When David S. Atkinson asked if I would read his latest short story collection, I didn’t hesitate. A chance to get a free advanced copy of a book I knew I would like by a great writer and good friend? There was no way I could turn that down. David is a treasured member of the literary community. Aside from being a voracious reader who can somehow read and digest every word of any book within 24 hours of receiving it, he’s one of the nicest and most supportive writers I’ve ever met. And he’s damn funny, which is on display both through his personal interactions and his fiction. Not Quite So Stories is one of the best collections I’ve read, and I’m not just saying that because we’re friends. I’m saying that because I mean it. Unlike David (who must have some sort of time-freezing device) I don’t have the time or dedication to read every book that gets sent my way, but David’s was one that I read and enjoyed thoroughly. And I probably owed it to him. Of course, after reading it, I feel like I owe him even more. Yup, it’s that good. 

If you haven’t read David’s collection, do so now. But before you do, stick around here and enjoy learning a little more about his process and inspiration for one of my favorite stories in the collection.


david atkinson

Writing about people one actually knows is always an uncertain territory. Conflicts with loved ones is particularly fraught with peril. After all, one never knows how the subject will react. Presuming one actually cares, the need to write the story must be weighed against how the person might feel, and what they might do about it.

Writing about a spousal conflict is even more of a minefield, especially if one wants the marriage to continue.

However, I did write about an area of my real life marital strife in my story “A Brief Account of the Great Toilet Paper War of 2012,” which is included in my new short story collection Not Quite so Stories. The issue centers on, as one might guess from the title, toilet paper. There are great disagreements in our household over toilet paper.

To explain, my wife is an “under the roll” believer, whereas I maintain that this is blasphemous. I take this quite seriously, which amuses my wife. Also, she doesn’t tend to replace empty rolls unless she herself needs them. Sometimes, she’ll just set a new roll nearby and start using it rather than actually placing it on the roll. This all bothers me much, much more than is reasonable. toilet paper war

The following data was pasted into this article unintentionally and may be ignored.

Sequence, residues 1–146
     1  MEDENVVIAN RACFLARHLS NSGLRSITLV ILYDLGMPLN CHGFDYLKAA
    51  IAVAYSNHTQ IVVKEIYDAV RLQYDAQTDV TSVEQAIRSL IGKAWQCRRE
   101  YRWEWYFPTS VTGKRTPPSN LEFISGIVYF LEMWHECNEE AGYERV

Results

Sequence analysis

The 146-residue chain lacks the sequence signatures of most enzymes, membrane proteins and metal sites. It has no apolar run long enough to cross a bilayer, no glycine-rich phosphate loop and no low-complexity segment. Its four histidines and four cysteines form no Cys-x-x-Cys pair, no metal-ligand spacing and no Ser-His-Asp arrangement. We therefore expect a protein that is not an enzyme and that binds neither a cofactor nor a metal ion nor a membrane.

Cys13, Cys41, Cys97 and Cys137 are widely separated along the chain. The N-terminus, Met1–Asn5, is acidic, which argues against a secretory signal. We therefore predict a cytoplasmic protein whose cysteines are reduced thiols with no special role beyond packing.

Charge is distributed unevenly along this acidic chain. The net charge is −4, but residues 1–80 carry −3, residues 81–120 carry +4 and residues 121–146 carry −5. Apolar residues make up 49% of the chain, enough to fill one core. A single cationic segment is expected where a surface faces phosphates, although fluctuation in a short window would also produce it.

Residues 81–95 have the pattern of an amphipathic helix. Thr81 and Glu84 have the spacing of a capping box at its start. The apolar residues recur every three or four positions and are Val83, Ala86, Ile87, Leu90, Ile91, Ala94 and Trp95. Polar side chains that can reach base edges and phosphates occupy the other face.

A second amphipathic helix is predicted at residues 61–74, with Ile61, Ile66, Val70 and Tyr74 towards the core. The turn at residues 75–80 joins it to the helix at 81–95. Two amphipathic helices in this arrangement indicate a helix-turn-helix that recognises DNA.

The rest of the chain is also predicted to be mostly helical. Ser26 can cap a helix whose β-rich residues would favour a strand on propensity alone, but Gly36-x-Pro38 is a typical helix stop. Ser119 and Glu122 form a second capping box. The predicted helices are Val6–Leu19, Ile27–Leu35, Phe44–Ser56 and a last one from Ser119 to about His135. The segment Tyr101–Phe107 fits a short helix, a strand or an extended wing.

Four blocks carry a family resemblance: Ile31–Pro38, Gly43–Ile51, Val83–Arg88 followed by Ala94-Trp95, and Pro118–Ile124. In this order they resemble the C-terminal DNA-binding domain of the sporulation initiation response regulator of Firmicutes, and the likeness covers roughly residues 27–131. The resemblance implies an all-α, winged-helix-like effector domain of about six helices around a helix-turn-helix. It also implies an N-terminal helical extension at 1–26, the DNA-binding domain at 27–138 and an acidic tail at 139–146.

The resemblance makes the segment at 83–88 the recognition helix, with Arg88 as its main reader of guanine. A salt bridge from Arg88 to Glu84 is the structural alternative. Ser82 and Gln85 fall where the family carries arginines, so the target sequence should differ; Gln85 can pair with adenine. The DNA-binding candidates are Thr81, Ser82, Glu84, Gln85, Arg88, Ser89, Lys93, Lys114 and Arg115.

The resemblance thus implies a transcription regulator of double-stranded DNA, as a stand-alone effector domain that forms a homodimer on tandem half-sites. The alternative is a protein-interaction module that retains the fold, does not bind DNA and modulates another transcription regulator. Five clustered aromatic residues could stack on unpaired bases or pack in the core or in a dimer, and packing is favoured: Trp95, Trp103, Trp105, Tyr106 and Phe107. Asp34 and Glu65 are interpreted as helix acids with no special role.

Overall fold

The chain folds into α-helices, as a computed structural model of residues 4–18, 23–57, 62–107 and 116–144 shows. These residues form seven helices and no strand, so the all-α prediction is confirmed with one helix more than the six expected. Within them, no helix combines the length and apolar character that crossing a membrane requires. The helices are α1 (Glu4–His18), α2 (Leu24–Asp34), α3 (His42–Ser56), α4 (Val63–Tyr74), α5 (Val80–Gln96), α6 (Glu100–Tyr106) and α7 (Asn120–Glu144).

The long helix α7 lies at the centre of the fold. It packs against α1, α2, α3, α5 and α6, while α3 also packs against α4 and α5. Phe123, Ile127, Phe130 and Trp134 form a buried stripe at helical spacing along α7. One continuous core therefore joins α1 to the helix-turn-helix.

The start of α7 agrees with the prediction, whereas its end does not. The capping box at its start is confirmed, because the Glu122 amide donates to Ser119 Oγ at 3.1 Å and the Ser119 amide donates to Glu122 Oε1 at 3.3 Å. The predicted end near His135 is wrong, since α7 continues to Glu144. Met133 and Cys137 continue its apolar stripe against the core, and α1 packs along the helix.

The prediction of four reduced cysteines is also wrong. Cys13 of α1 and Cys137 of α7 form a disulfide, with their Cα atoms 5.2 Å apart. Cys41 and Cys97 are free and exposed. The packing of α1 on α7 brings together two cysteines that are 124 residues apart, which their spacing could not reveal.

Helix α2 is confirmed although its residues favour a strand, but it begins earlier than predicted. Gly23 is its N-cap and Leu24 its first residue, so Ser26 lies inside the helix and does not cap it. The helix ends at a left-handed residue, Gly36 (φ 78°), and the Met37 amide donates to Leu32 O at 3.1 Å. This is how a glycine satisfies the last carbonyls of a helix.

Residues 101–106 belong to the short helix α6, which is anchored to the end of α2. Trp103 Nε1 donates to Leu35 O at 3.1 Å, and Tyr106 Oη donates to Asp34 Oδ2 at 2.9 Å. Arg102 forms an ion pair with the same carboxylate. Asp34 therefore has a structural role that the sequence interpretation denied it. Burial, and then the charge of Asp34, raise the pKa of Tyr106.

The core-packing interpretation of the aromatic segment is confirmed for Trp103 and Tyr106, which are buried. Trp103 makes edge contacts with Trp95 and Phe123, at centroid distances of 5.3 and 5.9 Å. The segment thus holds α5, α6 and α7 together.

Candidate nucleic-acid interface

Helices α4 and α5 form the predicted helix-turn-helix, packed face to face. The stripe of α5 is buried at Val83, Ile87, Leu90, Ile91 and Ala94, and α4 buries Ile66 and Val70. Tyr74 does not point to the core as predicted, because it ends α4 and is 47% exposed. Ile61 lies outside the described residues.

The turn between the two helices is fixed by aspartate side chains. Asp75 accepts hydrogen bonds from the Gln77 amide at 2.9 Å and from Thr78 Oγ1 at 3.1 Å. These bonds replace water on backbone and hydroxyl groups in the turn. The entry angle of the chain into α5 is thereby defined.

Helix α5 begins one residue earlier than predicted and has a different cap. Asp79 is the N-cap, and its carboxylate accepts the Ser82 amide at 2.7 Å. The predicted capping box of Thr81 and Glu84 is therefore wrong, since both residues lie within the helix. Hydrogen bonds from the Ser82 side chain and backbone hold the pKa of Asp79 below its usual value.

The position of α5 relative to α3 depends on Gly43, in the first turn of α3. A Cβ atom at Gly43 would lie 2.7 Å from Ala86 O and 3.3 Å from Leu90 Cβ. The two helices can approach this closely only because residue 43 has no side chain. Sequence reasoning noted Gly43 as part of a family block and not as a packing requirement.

So, it all went into the story. I went wild with it, taking things to ridiculously absurd extremes (I have never, I repeat never, glued toilet paper to a roll in order to ensure that there is always toilet paper on the holder, whether usable or not). Still, the core of our “debate” is there and I’m airing our dirty laundry in public.

Is that a good idea? Should I have done it? One school of thought, advocated by Anne Lamott, is to go ahead…but to: “give the character a small penis,” the idea being that the subject would never claim that the character is them. However, I didn’t want to give my wife any kind of penis at all. Further, I wouldn’t worry about my wife claiming the character is her. Rather, I would be concerned with her being hurt and thus damaging our relationship.

So, what did I do?

Well, first of all, I wrote about a relatively insignificant conflict. Arguments about toilet paper may get heated at home, but this is a fairly petty matter that isn’t particularly private. I think that helps. Also, the story is humorous. I’m trying to entertain and make people laugh, not get validation from the reading public regarding my position in the argument (I’m still right). Beyond that, I made sure to make the wife in the story more reasonable whereas the husband is a loveable yet ridiculously over serious about toilet paper protocol. In short, he’s a buffoon. Even if my wife read the story and felt it was an airing of a private marriage matter in public, I’m the one I made look ridiculous. All of those things work together to make me feel more okay in writing about something from my marriage.

david atkinsonNow, am I guaranteed to be okay? Absolutely not. However, I know what I’m comfortable with and I know my wife. I thought about whether or not I should write the story, and I thought about it deeply before I began writing…no matter how innocuous I thought it was. I considered her possible feelings, and considered them again before getting the story published. Whether or not I’m actually okay, I thought about it a great deal and decided I was. Personally, I think the fact that I considered her feelings mattered more than anything I happened to write.

Of course, it also probably helps that my wife doesn’t hang on every word I write. She’s got a lot of important things going in her life and I’m not the center of everything. Nor should I be. To be honest, I’m not entirely sure she’s read “A Brief Account of the Great Toilet Paper War of 2012” yet. We’ll have to see if my advice on this changes when she does.

Wish me luck.


David S. Atkinson is the author of Apocalypse All the Time (forthcoming 2017), Not Quite so Stories, The Garden of Good and Evil Pancakes (2015 National Indie Excellence Awards finalist in humor), and Bones Buried in the Dirt (2014 Next Generation Indie Book Awards finalist, First Novel <80K). His writing appears in Bartleby Snopes, Grey Sparrow Journal, Atticus Review, and others. His writing website is